Guide to Oman's Capital City of Muscat |

Guide to Oman's Capital City of Muscat

Muscat lies sparkling white, topped with golden minarets in the middle of a maze of brown pleated mountains.

Posted on

18 July 2013

Last updated on 14 June 2017
Guide to Oman's Capital City of Muscat

Muscat, the capital city of Oman lies sparkling white, topped with golden minarets in the middle of a maze of brown pleated mountains reaching down to the Arabian Sea. This city is a blend of the old and the new. Muscat is green as green can be, and defies being classified as part of a desert country. The roads are lined with well-manicured green lawns and trees. During winter this is interspersed with a profusion of multicoloured flowers.

The city that is refered to as Muscat today is actually three towns that have merged and created one larger Omani city. Originally there was Muscat which was often referred to as the walled city. It was oficially the town where the royal palaces stood proud and many a Sultan called the town home. The second town was Matrah (also known as Muttrah) which used to be a fishing village but is now known for its expansive souk and gorgeous corniche. Finally there was the town of Ruwi, which is considered the commercial hub of Muscat now. Due to this merger of cities many people find the distances between the three inconvenient especially the distances between accomodation and place of work. Ruwi is said to be heavily congested with traffic during peak hours as it is the place where a lot of business gets done.


The city has steadfastly retained its old-world character. Old Muscat has a quaint charm about it with many forts, castles, mosques and towers doting the landscape. Of particular note are Jalali and Mirani forts flanking Al Alam Palace. The Corniche, with its promenade and souqs (markets) is one of the highlights of the city. The old souq of Muttrah is an ideal spot for tourists to buy keepsakes and treasures. Greater Muscat boasts high-rise business properties (but not too high), world-class highways, upscale suburbs rooted in traditional Islamic architecture, elegant mosques, large green parks, archaeological sites, museums and world-class hotels.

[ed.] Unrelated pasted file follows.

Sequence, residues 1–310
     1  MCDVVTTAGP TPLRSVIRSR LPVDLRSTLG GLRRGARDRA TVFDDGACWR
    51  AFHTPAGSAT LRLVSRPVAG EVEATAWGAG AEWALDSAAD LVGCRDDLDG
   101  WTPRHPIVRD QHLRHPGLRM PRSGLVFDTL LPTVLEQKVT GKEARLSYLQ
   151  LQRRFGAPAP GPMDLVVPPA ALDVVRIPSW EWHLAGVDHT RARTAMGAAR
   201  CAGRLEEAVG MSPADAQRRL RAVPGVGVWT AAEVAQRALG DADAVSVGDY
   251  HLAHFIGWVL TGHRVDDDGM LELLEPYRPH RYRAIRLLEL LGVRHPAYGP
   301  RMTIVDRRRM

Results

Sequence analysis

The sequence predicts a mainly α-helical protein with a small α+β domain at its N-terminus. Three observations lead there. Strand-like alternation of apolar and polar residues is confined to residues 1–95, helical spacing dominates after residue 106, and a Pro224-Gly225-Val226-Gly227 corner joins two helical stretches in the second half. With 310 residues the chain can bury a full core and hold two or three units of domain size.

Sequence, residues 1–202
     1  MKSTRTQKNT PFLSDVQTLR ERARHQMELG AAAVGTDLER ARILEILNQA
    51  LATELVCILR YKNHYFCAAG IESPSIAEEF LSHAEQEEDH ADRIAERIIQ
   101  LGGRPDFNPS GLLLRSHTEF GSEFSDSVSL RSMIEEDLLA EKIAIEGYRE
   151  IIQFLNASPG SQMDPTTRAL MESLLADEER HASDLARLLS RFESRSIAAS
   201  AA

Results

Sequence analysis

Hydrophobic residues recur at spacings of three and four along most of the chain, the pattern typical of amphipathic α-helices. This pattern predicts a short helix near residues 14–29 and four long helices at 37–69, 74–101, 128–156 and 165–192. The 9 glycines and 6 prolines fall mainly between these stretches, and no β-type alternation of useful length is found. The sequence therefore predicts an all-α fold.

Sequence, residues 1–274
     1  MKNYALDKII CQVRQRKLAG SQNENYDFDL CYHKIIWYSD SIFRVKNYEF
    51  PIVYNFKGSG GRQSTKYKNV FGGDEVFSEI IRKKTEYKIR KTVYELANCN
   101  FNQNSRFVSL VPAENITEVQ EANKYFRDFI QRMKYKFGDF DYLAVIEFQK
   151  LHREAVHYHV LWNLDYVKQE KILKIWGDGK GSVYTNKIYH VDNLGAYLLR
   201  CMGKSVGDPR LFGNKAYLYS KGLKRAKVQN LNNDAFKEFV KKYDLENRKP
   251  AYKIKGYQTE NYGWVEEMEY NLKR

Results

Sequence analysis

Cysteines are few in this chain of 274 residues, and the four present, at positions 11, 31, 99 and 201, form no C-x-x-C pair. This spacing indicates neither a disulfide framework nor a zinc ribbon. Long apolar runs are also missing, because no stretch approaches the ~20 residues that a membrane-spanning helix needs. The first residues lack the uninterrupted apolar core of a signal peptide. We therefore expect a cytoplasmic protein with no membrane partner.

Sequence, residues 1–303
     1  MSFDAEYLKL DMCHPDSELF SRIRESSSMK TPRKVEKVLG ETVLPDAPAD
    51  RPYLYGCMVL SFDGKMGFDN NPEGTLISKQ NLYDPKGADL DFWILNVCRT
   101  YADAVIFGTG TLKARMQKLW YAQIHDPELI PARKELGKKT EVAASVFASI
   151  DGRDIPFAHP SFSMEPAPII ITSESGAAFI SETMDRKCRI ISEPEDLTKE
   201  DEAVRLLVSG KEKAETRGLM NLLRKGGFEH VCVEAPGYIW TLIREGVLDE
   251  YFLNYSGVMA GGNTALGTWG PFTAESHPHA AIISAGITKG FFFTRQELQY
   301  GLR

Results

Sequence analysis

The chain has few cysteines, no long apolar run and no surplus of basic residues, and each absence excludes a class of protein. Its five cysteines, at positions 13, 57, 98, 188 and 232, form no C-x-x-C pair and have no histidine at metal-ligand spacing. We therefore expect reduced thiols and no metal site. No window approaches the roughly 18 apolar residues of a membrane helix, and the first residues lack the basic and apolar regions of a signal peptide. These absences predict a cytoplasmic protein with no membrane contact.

While the whole of the Sultanate provides epic entertainment, both in and out door, Muscat offers many things to keep a visitor (or resident) occupied. Here is a list of things to see and do in Muscat:

Al Jalali Fort, Muscat - Al Jalali Fort and Al Mirani fort They are located in Qasr Al Alam Street. The forts were built as prisons in the rocky mountains in 1580 during the Portugese occupation, and have now been converted into museums. Update as of August 2012, the forts are now closed to the public. However, outside photography is allowed.

Qasr Al Alam Royal Palace - Guarded by the twin forts of Jalali and Mirani, this is the office of Sultan Qaboos, the ruler of Oman. This beautiful palace stands on the head of a natural deep water harbour. Visitors are not allowed to visit the palace, but they are allowed to take photographs at the entrance of the palace.

Corniche Area - The recently renovated Corniche area is a popular place for a walk and also for its many eating places. Climb to the base of Mutrah Fort (at the east end of the Corniche walk) for a spectacular view of the city.